The Curse of Wanting the Novel

There’re days when you latch on to one performer, one type of music, and you don’t know why. It consumes what you think about; you dance to silence, the sounds you hear only for yourself, the people looking in from the windows thinking you’re listening to something coming from the speakers in the living room: but no, what you hear is so powerful it lives in your mind alone. Sometimes the sounds do come from speakers, the crappy ones on your laptop, but you conjure the pair of membranes into the instruments and voices from whence they came.

For me today the band is Arcade Fire.

Those of you who know the indie rock scene will probably sneer, reminding me that Pitchfork called this one a couple of years ago. “2005 called and wants its darlings back.” But I don’t care right now. It’s 2007, and it’s doing something for me now, and critics and condenscending scenesters be damned.

What I’m also thinking about, while listening to something like “Rebellion (Lies)”, is how great the song is as a whole: the instrumentation just works, the strange chord changes happen exactly when they should. Thousands have heard this song, on the album or live, thousands have had the same powerful experience that I’m having right now. And I think… if I wrote this song, if I played violin on this track, would I be satisfied?

Sadly, the answer is likely no.

What’s wrong here? There’s something in me that pushes me towards the avant-garde for satisfaction, a drive that always points towards the novel and never heard (or seen or written or thought) before and not the beautifully-polished-already-existing. Whatever makes me go requires that what I do is always on the cutting edge (or at least tries to be). I have to be at the most forward-thinking place doing things that nobody else has thought of, that nobody else cares about (because they’re new and not common).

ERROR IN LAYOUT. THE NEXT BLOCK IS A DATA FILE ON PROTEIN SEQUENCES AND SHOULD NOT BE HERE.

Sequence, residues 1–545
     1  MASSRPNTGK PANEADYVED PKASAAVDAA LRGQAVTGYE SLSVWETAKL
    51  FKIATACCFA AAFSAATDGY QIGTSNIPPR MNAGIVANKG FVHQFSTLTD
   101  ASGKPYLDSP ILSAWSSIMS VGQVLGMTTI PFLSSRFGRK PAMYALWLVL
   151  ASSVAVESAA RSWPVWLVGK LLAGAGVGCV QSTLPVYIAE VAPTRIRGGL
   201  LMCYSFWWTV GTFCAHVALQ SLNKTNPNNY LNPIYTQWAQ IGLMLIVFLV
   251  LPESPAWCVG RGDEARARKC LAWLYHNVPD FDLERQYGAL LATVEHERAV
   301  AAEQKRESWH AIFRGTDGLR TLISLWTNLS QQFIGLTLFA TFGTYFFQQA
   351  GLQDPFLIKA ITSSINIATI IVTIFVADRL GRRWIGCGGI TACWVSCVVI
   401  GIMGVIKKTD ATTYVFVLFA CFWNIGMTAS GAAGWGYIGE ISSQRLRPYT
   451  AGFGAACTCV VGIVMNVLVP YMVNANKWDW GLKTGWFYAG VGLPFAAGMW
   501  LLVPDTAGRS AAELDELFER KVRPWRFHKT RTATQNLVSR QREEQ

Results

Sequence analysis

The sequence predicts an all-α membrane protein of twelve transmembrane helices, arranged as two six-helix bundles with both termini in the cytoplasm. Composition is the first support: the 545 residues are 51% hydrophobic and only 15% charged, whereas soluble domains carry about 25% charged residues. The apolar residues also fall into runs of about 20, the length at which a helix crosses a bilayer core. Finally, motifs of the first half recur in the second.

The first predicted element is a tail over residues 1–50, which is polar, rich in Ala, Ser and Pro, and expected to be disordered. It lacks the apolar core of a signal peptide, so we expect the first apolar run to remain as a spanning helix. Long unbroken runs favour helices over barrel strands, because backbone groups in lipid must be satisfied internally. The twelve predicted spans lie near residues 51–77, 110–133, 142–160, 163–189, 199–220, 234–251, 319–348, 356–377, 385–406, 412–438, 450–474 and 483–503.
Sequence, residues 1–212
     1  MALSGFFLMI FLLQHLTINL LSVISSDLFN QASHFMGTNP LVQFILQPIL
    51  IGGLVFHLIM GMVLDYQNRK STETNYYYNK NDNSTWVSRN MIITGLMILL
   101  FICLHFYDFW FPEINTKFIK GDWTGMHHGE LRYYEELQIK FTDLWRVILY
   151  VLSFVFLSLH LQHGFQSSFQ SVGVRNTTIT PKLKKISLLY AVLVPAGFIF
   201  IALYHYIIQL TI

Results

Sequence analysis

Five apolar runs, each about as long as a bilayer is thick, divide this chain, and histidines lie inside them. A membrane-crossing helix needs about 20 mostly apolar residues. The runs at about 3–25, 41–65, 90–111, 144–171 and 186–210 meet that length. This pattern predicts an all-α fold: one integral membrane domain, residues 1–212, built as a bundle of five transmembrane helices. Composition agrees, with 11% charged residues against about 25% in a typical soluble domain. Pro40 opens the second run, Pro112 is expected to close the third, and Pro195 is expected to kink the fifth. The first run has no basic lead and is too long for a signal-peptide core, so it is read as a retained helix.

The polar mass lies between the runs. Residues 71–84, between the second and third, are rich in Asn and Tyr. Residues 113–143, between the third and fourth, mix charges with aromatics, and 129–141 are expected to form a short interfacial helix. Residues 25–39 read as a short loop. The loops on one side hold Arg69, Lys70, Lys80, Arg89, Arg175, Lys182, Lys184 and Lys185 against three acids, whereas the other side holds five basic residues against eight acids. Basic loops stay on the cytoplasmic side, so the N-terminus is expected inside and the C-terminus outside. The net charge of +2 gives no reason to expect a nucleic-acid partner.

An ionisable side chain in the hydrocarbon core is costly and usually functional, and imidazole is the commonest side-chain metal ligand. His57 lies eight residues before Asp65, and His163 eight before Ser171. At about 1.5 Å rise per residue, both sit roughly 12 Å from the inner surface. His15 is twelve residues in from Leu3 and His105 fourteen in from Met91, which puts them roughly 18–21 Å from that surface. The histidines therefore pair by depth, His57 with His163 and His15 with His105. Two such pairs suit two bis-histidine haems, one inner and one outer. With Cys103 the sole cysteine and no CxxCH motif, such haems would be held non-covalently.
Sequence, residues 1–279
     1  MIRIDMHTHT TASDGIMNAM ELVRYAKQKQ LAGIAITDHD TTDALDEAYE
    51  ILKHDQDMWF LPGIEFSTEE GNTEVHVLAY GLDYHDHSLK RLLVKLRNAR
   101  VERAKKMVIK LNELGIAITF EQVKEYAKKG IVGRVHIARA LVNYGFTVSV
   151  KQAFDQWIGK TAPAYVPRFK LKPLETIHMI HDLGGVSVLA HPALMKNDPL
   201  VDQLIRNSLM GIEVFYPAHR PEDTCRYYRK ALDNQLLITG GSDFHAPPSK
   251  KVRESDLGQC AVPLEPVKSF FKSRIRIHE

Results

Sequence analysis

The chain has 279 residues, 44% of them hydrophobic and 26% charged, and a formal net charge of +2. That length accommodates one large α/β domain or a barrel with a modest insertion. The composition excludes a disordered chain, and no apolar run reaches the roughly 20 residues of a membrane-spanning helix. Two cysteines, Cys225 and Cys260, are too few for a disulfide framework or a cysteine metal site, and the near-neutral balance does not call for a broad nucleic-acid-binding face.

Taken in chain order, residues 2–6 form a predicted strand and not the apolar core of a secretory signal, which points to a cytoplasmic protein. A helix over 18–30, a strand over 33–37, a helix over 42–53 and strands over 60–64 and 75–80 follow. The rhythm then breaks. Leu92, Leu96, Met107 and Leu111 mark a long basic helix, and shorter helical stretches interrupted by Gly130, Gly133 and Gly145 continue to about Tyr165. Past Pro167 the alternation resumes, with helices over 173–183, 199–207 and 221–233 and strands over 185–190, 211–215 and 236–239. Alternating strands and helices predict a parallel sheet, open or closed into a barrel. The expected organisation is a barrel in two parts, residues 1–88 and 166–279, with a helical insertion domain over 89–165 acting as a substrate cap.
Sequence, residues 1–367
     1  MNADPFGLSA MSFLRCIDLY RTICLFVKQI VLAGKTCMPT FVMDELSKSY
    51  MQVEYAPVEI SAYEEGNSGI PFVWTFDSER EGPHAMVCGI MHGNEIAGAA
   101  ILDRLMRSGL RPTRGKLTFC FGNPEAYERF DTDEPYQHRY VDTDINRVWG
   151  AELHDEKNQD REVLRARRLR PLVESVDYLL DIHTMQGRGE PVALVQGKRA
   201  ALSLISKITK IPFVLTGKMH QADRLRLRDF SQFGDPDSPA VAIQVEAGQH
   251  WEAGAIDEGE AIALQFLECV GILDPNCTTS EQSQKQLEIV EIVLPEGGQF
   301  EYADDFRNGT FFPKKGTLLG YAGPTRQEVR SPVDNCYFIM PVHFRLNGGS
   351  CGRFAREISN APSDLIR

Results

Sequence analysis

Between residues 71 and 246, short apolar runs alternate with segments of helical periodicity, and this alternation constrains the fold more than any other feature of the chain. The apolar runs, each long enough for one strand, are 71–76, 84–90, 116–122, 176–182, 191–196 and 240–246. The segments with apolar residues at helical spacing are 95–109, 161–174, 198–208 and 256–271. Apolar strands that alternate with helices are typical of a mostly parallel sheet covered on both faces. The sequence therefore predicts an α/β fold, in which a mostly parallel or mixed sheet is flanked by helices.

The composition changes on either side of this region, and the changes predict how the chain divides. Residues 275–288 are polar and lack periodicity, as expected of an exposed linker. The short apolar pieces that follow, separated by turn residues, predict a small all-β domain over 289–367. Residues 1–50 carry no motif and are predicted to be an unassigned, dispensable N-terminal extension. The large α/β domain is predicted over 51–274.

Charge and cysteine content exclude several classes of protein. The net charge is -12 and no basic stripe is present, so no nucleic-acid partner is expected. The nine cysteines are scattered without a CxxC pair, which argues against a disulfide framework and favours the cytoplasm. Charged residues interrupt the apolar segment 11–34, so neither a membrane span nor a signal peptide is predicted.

I wonder why I couldn’t be content just being good at whatever I do, even if tons of other people do it. Like maybe I could just be a really good violinist in a band, not someone who’s trying to think of a completely new way of making sounds (not music) with his violin. Or maybe I could just make some really interesting crafts instead of trying to think about what is the future direction of interactive artworks.

This is definitely not to demean the work of all of the wonderful crafters on etsy or tinyshowcase or the members of Arcade Fire. It’s more me just wondering why I personally can’t be happy on that level. Why I always have to be going for something more “novel”. Not that novelty or newness (if originality can even be said to exist) is necessarily better. Of course it’s not. I just don’t know why I think it is.

It really worries me when I think about my current future of being an academic, and the abysmally small audience that I’ll have. (Getting a thousand people to read your 200 page book is an incredible success.) Why am I choosing a direction where what I do will be the concern of so few people? And in such an insular community? And if I want to reach more people, how do I do that? And am I prepared for the variety of things I’ll hear? And is there a way for me to be comfortable with being in the beautiful-but-already-there?

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